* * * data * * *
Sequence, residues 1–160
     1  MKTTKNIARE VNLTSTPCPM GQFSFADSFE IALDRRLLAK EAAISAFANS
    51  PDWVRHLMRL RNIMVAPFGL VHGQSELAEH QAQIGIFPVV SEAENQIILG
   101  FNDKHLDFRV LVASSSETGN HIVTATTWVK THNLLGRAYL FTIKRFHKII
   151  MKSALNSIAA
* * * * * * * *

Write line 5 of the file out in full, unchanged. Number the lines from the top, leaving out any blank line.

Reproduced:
   151  MKSALNSIAA